Audit Evidence Techniques

Audit Evidence Techniques

ISA 500 Audit Evidence identifies eight types of evidence gathering procedure that the auditor can adopt to obtain audit evidence.

Inspection of documents and records

  • May give evidence of ownership (rights and obligations), e.g. title deeds
  • May give evidence that a control is operating, e.g. invoices stamped paid or authorised for payment by an appropriate signature.
  • May give evidence about cut-off, e.g. the dates on invoices, despatch notes, etc.
  • Confirms sales values and purchases costs (i.e. by inspecting the invoice)

Inspection of tangible assets

  • Will usually give pretty conclusive evidence of existence!
  • May give evidence of valuation, e.g. obvious evidence of impairment of inventory or non-current assets.


  • Involves looking at a process or procedure.
  • May well provide evidence that a control is being operated, e.g. double staffing or a cheque signatory.

You need to remember that this is only evidence that the control was operating properly at the time of the observation, and the auditor's presence may have had an influence on the client's staff's behaviour.

Observation of a one-off event, e.g. an inventory count, may well give good evidence that the procedure was carried out effectively.


Whilst a major source of evidence, the results of enquiries will usually need to be corroborated in some way through other audit procedures. This is because responses generated by the audit client are considered to be of a low quality due to their inherent bias.

The answers to enquiries may themselves be corroborative evidence. In particular they may be used to corroborate the results of analytical procedures.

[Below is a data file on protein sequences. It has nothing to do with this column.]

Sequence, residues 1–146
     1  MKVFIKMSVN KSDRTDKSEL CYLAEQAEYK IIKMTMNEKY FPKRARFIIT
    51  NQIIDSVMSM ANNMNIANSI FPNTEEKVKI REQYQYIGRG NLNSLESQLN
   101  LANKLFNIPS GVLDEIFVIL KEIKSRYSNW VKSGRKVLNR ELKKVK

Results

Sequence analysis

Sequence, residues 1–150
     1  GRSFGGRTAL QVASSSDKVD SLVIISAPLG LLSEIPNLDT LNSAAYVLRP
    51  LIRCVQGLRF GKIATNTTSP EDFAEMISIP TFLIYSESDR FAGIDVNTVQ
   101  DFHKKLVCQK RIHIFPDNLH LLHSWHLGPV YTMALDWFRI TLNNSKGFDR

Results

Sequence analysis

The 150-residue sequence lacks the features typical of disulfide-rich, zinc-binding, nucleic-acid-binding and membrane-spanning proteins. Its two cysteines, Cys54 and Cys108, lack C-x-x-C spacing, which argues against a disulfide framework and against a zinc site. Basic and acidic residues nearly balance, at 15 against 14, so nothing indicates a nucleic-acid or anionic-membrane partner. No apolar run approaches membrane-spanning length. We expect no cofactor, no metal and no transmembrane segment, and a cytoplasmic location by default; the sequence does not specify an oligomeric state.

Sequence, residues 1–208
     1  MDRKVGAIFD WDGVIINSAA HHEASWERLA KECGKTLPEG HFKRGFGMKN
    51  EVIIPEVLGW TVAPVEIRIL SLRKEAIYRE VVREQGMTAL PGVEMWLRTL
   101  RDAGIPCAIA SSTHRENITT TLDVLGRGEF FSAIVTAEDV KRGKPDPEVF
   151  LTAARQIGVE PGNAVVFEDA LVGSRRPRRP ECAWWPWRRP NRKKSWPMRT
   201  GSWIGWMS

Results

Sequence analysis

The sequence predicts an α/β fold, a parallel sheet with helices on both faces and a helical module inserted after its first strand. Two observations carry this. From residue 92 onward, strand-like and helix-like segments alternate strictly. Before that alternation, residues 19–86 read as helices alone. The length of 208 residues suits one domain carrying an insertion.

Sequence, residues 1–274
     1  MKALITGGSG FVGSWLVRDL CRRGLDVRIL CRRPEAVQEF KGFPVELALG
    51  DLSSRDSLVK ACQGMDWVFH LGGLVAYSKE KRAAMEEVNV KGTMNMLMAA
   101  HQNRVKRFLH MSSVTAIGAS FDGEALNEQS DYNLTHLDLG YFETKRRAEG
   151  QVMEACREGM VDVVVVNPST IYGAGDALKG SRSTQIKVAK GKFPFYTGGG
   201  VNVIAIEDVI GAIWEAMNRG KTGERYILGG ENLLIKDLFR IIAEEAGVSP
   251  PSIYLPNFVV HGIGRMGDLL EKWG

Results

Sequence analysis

Management representations are part of overall enquiries. These involve obtaining written responses from management to confirm oral enquiries. These are considered further in chapter on completion and review.


  • This refers to the auditor obtaining a direct response (usually written) from an external, third party.
  • Examples include:
    • circularisation of receivables;
    • confirmation of bank balances in a bank letter;
    • confirmation of actual/potential penalties from legal advisers; and     
    • confirmation of inventories held by third parties.
  • May give good evidence of existence of balances, e.g. receivables confirmation.
  • May not necessarily give reliable evidence of valuation, e.g. customers may confirm receivable amounts but, ultimately, be unable to pay in the future.


This involves checking the arithmetical accuracy of the client's calculations, e.g. depreciation amounts.


This involves reperforming client procedures, e.g. test checking inventory counts.

Analytical procedures

These involve the comparisons of sets of data to identify trends and understand the relationships between the sets of data.

Created at 10/3/2012 6:10 PM  by System Account  (GMT) Greenwich Mean Time : Dublin, Edinburgh, Lisbon, London
Last modified at 1/18/2013 3:41 PM  by System Account  (GMT) Greenwich Mean Time : Dublin, Edinburgh, Lisbon, London

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